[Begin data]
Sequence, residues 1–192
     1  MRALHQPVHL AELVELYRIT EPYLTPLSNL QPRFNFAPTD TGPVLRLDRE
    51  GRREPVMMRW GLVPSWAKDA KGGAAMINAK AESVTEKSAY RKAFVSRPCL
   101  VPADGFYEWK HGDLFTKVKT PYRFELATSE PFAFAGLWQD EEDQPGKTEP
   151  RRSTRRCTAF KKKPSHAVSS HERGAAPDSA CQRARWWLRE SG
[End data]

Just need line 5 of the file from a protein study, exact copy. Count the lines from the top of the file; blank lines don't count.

   151  RRSTRRCTAF KKKPSHAVSS HERGAAPDSA CQRARWWLRE SG